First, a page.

The National Qualifications Framework(NQF) will be aligned to the AOC and will link all its job descriptions with the required qualifications. The Framework that is currently being developed (2012) aims to support the formulation of learning outcomes, improve understanding of qualifications, levels of qualifications and their relation to each other. The NQF will establish a comprehensive accreditation system and an assessment and incentive scheme encouraging life-long learning. The Framework also seeks to improve educational mobility, make education and training more responsive to the needs of the labour market, align Palestinian qualifications with international standards and improve the quality of education.

Quality assurance

The National TVET Strategy 2010 anticipates the development of a quality system that “will be used for all components of the TVET system, including internal and external evaluations to ensure the quality of the output.”

The Accreditation and Quality Assurance Commission (AQAC) under the umbrella of the Ministry of Education and Higher Education is in charge of ensuring quality in TVET. The Strategy recognises that TVET accreditation and quality assurance responsibilities must be defined to be realised within AQAC. The AQAC is expected to approve and maintain the quality criteria, develop the quality standards, accredit TVET institutions and programs, monitor and evaluate TVET institutions and programs to ensure adherence to quality standards. TVET responsibilities and tasks in AQAC will be linked to Higher Council and managed by a steering committee that includes representatives from the Ministry of Higher Education, Ministry of Labour, labour and trade unions, experts from TVET institutions, and will have subunits and/or qualified staff to implement the roles and tasks of the unit.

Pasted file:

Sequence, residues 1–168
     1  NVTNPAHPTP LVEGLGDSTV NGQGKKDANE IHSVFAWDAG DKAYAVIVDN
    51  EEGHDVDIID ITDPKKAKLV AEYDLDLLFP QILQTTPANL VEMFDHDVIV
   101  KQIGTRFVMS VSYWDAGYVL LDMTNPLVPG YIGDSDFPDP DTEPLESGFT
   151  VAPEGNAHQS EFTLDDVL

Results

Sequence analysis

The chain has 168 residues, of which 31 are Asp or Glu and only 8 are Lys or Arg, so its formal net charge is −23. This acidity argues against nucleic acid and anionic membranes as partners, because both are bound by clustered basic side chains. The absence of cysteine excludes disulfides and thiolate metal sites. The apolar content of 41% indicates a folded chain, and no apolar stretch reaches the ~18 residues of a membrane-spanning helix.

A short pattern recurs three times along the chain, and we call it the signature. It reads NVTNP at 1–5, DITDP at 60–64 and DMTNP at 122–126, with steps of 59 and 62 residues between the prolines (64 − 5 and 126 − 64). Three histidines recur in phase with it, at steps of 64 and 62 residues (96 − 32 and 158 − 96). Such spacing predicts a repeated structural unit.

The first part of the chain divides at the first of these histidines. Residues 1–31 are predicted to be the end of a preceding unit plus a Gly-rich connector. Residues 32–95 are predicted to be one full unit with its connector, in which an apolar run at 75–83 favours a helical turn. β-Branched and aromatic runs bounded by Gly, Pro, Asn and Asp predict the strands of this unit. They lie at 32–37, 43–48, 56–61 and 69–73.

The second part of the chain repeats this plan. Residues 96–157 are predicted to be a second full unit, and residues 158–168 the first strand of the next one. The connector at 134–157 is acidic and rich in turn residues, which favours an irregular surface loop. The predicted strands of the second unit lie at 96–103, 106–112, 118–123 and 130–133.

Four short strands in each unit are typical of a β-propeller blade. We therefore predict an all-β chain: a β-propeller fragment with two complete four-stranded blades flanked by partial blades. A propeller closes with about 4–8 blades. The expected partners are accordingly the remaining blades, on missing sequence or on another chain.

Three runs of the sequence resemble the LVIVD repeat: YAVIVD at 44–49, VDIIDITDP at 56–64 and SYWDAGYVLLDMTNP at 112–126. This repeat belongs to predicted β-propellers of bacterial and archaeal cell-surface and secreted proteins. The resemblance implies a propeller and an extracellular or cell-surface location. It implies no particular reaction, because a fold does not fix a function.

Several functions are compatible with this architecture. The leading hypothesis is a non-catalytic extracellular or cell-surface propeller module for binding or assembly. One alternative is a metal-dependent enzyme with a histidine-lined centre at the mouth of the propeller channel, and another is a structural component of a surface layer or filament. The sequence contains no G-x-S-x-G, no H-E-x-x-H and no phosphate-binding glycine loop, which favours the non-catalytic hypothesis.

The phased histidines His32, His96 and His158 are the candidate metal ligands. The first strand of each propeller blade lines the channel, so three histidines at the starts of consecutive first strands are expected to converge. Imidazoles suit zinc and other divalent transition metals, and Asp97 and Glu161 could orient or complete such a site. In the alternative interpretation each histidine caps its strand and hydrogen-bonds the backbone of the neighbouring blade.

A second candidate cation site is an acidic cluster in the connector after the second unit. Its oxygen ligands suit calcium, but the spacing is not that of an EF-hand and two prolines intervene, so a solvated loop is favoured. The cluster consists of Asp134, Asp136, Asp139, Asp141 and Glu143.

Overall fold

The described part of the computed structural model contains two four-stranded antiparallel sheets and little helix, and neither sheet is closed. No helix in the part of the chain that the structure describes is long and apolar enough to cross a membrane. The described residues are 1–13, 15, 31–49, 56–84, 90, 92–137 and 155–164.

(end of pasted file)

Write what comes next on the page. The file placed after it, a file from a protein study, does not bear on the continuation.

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6. Current and ongoing reforms, projects, and challenges

Current reforms and major projects

A wide range of TVET-related areas are currently being reviewed and developed (ETF, 2010):

  • National Qualifications Framework (NQF);
  • Quality assurance system;
  • Teacher training;
  • Curriculum development; and